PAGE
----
Stem cell research is critical because it offers potential cures for diseases that are presently incurable. Stem cells are unique in human biology because they can generate various types of specialized cells that are necessary for the body to function and remain healthy.
Stem cells obtained from day-old human embryos are the most versatile of all. These microscopic clumps of undifferentiated cells are sourced from in vitro fertilization clinics that have access to unused, donated embryos.
In the United States, pro-life advocates oppose stem cell research on human embryos based on the premise that these embryos have the potential to grow into human beings. Stem cell advocacy groups, on the other hand, claim this research is necessary to save human lives. So where does the impending Donald Trump presidency leave stem cell research?
The Bush Presidency
In 2001, President George W. Bush provoked a charged ethical and political debate when he severely limited federal funding for human embryonic stem cell research. Scientists researching cures for degenerative diseases found themselves limited to a few existing cell lines. Researchers were forced to look at adult tissue as an alternative to embryonic stem cells.
The Obama Presidency
In 2009, President Barack Obama, within weeks of assuming office, lifted the Bush restrictions with an executive order, putting embryonic stem cell research back on track. Interestingly, current Vice-President-Elect Mike Pence, wrote a critical op-ed at the time, stating that the Obama decision was against the wishes of millions of Americans who look at life as a gift from God.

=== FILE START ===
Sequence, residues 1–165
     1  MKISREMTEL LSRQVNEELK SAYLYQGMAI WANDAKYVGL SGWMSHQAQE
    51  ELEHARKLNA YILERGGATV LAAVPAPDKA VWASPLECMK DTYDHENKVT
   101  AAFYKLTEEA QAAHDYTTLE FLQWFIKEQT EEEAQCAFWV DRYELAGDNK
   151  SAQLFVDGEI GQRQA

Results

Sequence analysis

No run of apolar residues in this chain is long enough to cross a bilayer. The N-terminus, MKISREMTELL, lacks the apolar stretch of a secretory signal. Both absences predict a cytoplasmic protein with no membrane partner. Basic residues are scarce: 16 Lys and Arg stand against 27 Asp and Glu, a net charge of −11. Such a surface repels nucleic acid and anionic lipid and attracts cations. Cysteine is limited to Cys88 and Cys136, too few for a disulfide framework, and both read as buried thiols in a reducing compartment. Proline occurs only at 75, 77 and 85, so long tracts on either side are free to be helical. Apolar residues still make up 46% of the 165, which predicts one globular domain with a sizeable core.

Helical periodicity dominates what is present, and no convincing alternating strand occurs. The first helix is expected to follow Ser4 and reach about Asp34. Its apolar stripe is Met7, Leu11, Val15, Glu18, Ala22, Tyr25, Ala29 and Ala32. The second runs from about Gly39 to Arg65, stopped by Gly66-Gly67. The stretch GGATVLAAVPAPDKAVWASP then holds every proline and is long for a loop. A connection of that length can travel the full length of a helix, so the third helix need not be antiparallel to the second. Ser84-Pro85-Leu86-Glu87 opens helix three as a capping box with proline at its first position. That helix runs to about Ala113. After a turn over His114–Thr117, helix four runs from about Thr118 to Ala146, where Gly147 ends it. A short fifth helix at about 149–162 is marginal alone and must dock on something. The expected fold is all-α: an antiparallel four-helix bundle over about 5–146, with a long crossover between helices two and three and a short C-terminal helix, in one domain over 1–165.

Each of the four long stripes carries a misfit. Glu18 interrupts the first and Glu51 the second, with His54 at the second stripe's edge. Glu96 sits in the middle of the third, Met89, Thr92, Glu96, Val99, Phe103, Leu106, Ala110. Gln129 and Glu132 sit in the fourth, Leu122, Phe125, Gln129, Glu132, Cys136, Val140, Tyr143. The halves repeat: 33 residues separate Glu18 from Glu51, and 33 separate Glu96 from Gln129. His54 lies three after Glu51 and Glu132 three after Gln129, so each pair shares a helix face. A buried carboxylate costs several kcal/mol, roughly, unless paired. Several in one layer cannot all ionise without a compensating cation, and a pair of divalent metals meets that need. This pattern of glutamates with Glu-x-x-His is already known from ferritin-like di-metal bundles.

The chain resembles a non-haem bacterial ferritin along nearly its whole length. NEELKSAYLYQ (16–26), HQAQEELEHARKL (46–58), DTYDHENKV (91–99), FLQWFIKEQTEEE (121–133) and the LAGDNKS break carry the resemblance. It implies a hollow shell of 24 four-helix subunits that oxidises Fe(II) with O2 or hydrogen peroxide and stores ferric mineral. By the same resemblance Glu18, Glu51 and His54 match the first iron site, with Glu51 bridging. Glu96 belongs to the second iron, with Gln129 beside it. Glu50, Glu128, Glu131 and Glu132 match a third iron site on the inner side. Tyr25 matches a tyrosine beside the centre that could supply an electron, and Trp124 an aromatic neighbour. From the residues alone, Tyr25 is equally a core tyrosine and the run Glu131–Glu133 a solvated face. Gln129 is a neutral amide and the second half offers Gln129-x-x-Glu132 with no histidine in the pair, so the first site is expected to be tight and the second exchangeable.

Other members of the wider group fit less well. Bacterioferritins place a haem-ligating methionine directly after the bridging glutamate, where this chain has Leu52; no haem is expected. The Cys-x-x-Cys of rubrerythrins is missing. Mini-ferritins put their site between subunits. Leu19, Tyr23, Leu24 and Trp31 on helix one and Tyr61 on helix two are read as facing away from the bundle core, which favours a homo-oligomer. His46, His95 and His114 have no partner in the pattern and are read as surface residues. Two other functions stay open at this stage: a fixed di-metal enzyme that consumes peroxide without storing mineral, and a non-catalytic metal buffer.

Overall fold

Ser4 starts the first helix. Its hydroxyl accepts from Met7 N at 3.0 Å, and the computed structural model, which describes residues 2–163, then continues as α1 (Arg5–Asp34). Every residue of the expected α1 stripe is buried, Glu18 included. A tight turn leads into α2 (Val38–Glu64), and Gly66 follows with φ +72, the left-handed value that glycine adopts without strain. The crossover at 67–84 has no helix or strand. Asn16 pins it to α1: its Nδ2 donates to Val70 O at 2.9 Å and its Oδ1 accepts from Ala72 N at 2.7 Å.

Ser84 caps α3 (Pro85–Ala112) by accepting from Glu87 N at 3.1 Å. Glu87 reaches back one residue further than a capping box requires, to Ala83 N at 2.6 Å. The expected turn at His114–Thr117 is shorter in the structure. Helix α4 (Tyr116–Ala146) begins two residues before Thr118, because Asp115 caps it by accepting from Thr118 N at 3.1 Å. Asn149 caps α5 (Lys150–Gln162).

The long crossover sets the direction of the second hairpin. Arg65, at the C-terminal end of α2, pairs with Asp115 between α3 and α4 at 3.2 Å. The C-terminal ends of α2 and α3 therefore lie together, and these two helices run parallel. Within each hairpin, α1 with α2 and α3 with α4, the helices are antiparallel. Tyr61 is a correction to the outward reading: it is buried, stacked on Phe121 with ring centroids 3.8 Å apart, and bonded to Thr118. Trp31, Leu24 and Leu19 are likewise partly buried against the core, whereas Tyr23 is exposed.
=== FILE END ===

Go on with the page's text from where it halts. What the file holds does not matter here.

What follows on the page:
The Trump Presidency
President Elect Donald Trump has named Tom Price, an osteopath and Congressman from Georgia, as his choice to head the Department of Health and Human Services. The HHS oversees the National Institutes of Health. It is interesting that in the past Congressman Price has voiced concerns similar to those expressed by Governor Mike Pence.
Currently, the NIH funds embryonic stem cell research with nearly $200 million every year. This critical funding is unprotected by any legislation and it would only take a stroke of President Donald Trump’s pen to overturn it. This possibility has the stem cell research community holding its collective breath.
Any new funding restrictions from the Trump presidency could immensely complicate the scenario. Scientists are working in laboratories nationwide with different types of stem cells. New regulations may require them to separate their work with embryonic stem cells if federal dollars are funding their research. Shared costs, which were not an issue during the Bush-era restrictions, could further complicate matters and put the brakes on important research.
As Governor of Indiana, Vice-President-Elect Mike Pence worked to prevent research on fetal tissue. Opponents of this research argue that this leads to an increase in the number of abortions, but this claim is not supported by evidence. Advocacy groups for stem cell research claim this is nothing but a symbolic gesture.
During the presidential campaign, Donald Trump did not clearly declare his opinion on these issues, so it remains to be seen what his presidency will unfold. In the meantime, even as uncertainty prevails in the United States, across the border, Canada is forging ahead in the global race to develop innovative stem cell treatments.